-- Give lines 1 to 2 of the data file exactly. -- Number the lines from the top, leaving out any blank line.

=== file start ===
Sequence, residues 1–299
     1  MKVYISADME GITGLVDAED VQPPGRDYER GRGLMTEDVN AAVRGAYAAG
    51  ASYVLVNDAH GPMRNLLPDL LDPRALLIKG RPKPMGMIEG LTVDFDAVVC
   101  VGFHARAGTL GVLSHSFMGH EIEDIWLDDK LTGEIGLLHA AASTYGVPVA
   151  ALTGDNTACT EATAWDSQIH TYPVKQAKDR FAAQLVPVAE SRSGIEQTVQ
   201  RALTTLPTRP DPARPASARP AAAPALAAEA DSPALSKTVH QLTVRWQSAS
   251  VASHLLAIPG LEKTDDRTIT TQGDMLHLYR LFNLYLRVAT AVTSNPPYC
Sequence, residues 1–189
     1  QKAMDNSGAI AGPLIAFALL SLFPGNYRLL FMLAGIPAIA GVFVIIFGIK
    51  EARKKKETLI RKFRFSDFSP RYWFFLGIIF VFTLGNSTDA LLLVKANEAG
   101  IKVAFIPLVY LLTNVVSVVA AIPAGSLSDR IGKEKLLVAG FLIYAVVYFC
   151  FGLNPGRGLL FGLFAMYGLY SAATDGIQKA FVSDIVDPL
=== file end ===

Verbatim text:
Sequence, residues 1–299
     1  MKVYISADME GITGLVDAED VQPPGRDYER GRGLMTEDVN AAVRGAYAAG